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Kirsten wrote this work following targeted support for ten pupils, five in Y7 and five in Y8 that the school identified as showing exceptional ability in RE. They were offered a chance to attend for one morning an RE gifted and talented workshop. The workshop was an enquiry into a religious question of the pupils own choosing. Some pupils were interested in science and religion, while others wished to explore, ‘What was the purpose of life?’ But the overall favourite question was, ‘Why is there evil in the world?’ Following the workshop Kirsten wrote her response to the question, ‘If there is a God – why is there evil in the world?’ She discussed the work with the workshop tutor, made a few changes and produced a final draft.


Kirsten with an excellent command of language makes her position clear. She does not attempt to deny that there is evil in the world but openly accepts that it exists. Nevertheless, she claims that there are sound reasons for believing in an all-powerful and all-loving God. Her main argument is that God has created humans with free will. Kirsten does not try to square human free will with God being all-knowing. She understands that this might lead her into a difficult contradiction. She accepts that humans have free and that this sets, ‘a limit on what can be known, and thus on God’s own knowledge’. As God has made a world in which in which it is possible for humans to choose to do good then it must also be possible that they may choose evil. Kirsten shows an impressive glimmering insight into this abstract and difficult idea in her words, ‘As humans have been given free will it allows us to cause evil and suffering in the world.’ What is again impressive about Kirsten’s work is that she does not abandon this idea and move onto a second reason as if simply by weight of numbers two reasons must be better than one. Instead, she senses that her abstract idea needs to be expressed in a way that would make it clearer and to do this she comes up with a helpful analogy. Humans without free will she claims would be like machines, predictable and without feelings or emotions. She then goes on to make what many would agree is a valid point that without feelings and emotions human life would be diminished and that all we value about life would be lost – ‘It wouldn’t be worth living’. The next three paragraphs hint at two other arguments. The first is that evil provides something to be resisted and so helps us to improve. The second is that perhaps God allowed evil into the world as some sort of test. She makes a reference to natural evil but she doesn’t explore this idea any further. In her final paragraph she repeats her main argument that without free will we wouldn’t have emotions and feelings – we would be like machines. Finally, she ends with another machine related analogy – ‘We would be robots’.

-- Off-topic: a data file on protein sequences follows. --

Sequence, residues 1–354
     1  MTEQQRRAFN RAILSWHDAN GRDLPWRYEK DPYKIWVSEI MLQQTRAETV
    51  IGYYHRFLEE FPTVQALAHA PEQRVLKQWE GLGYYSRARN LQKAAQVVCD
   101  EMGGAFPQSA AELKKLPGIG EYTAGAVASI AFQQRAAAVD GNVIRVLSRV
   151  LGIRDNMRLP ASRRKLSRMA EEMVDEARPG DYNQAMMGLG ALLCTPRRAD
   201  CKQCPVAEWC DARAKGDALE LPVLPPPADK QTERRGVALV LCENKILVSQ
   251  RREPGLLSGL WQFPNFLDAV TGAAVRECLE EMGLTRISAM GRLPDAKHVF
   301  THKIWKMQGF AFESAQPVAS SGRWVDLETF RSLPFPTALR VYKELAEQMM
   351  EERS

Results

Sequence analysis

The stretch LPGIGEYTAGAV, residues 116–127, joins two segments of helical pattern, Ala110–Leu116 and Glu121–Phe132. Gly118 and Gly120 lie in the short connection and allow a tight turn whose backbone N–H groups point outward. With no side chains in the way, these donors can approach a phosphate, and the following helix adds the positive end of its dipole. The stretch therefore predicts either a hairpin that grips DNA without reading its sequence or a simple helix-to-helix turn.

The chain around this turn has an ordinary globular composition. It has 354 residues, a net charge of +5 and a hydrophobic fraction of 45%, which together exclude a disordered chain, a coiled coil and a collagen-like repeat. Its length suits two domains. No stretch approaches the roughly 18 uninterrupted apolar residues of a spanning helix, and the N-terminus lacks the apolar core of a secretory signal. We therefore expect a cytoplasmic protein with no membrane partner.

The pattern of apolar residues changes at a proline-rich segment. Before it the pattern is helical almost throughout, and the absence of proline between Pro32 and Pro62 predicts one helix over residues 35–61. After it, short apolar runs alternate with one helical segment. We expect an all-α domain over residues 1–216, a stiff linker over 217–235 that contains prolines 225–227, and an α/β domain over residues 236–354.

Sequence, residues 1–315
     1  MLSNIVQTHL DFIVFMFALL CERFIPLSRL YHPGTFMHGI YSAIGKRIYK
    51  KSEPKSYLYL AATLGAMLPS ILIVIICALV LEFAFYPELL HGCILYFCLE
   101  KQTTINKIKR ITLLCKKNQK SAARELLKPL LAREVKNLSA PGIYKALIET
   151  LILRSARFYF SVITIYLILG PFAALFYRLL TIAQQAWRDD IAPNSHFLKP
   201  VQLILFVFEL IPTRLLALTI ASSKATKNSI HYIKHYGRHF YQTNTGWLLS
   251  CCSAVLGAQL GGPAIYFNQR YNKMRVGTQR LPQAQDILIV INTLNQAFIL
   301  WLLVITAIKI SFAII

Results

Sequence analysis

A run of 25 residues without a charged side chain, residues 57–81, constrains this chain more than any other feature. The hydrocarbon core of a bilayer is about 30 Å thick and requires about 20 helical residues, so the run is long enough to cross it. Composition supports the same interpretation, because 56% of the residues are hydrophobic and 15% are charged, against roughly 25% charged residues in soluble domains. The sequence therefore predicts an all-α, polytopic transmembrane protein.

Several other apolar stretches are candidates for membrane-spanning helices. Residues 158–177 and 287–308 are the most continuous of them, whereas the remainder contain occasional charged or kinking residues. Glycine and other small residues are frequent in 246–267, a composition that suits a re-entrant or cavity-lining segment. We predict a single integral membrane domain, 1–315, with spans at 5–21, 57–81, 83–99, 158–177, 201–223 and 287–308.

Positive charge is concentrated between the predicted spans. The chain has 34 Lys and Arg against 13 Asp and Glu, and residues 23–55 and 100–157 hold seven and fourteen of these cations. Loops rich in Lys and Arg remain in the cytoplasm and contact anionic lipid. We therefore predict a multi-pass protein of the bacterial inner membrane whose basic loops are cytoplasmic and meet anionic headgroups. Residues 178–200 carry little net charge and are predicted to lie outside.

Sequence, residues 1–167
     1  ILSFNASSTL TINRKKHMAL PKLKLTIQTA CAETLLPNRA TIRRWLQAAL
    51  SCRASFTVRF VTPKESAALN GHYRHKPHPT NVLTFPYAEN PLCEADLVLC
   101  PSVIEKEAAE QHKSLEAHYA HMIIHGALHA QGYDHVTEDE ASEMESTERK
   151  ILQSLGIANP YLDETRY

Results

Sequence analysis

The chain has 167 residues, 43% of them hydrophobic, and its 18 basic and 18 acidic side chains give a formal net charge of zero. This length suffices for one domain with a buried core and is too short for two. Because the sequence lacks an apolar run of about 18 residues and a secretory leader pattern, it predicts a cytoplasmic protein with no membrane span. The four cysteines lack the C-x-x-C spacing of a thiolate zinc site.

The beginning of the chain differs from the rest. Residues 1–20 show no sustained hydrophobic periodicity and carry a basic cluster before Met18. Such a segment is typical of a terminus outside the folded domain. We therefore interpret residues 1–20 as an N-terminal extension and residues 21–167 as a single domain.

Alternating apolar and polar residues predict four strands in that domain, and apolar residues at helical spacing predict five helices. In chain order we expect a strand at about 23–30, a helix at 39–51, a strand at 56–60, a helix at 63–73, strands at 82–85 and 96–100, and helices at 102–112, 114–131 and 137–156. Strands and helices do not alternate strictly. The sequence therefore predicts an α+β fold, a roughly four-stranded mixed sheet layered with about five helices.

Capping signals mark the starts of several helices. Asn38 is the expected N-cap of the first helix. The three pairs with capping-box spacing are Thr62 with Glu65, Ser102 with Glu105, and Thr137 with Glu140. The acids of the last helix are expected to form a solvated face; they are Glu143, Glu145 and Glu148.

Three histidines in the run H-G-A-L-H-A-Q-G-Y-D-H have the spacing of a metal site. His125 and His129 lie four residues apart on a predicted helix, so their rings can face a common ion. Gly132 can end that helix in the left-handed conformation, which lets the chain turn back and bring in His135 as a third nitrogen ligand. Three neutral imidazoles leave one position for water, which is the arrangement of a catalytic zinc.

How might the work be improved?

Kirsten might improve the work by discussing arguments to the contrary. For example, free will may help us to understand why there is moral evil but does it help explain why there is so much natural evil in the world? Can natural evil be blamed on humans misusing their free will? Kirsten might also be encouraged to consider the argument that God if he wished could surely limit some of the extreme violence that humans commit. Couldn’t God intervene and prevent at least some examples of senseless torture? Humans would still have free will but the worst examples of humans being evil, not all the time, but at least some of the time God could surely do something about evil in the world without turning humans into zombie like robots whose every action is controlled by God.



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